Pickleball Elbow

Pickleball elbow, often compared to tennis elbow, is another injury risk associated with the sport. This condition results from repetitive ballistic movements and lunging forward to hit a low shot.

Over time, these actions place considerable strain on the elbow joint, leading to pain and restricted mobility. The discomfort can be severe enough to disrupt regular play and affect your daily life tasks.

Preventing pickleball elbow involves maintaining proper form during play and honoring personal physical limitations. Treatment typically includes rest from playing for a week or two along with relevant therapies such as ice treatment or compression treatment.

In extreme cases of pickleball elbow, medical attention becomes necessary to limit the potential long-term damage to the joint.

Heel Bruising

Heel bruising is a prevalent issue among pickleball players. The repetitive contact and movements involved in the game can lead to this painful injury over time. It exhibits itself through visible discoloration and discomfort in the heel area, significantly hindering performance on the court.

One of the common overuse injuries in pickleball, it can be mitigated by wearing supportive footwear specifically designed for sports like pickleball or tennis. These shoes cushion your feet, protecting them from constant pressure and impacts, therefore reducing the risk of heel bruising.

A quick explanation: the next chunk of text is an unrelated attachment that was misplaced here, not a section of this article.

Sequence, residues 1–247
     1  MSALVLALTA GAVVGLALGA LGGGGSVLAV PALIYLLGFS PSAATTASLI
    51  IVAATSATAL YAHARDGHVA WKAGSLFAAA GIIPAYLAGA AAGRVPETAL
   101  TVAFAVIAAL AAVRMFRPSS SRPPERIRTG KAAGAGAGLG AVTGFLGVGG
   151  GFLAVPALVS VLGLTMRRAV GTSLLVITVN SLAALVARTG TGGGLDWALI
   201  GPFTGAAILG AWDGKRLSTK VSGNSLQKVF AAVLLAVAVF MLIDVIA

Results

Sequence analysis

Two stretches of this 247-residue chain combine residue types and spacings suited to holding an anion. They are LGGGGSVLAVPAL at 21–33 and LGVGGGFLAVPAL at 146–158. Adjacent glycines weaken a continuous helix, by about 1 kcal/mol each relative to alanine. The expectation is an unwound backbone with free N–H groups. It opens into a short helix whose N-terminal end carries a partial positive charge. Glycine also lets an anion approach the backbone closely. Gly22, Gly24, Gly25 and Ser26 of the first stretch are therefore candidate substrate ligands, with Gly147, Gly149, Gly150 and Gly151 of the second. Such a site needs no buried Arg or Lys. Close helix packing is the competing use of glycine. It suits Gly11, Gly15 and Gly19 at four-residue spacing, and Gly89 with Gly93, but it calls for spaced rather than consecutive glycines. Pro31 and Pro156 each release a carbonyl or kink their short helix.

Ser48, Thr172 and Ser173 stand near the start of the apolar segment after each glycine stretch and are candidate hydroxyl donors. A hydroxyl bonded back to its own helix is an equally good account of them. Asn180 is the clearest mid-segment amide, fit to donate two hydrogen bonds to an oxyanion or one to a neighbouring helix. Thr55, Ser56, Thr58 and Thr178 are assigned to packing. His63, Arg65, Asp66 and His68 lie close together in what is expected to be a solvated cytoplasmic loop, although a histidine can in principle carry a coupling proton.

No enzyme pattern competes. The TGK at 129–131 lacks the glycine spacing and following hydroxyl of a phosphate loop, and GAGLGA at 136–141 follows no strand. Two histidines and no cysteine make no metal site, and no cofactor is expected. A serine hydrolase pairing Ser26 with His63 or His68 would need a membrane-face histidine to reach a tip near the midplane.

Achilles Tendonitis

Achilles tendonitis is a common injury in pickleball. It occurs when the Achilles tendon, which connects the calf muscles to the heel bone, becomes inflamed or irritated. This can happen due to repetitive jumping, lunging forward for a low shot, or overuse of the calf muscles.

Symptoms of Achilles tendonitis include pain and stiffness in the back of the ankle or lower leg. Treatment options may include rest, ice therapy, stretching exercises, and physical therapy to strengthen the calf muscles and improve flexibility.

How to Prevent Pickleball Injuries

To prevent pickleball injuries, players should recognize their physical limitations, warm up before playing, use the appropriate equipment, maintain proper form during play, and understand the importance of exercise recovery.

Recognize physical limitations

Recognizing and understanding your physical limitations is crucial in preventing injuries during pickleball. This means being aware of what your body can handle and not pushing yourself beyond those limits.

Whether it’s knowing when to take breaks, adjusting your playing intensity, or modifying certain movements, recognizing physical limitations helps to prevent strains, sprains, and other injuries.

It’s important to listen to your body and make smart decisions on the court to keep yourself safe and injury-free.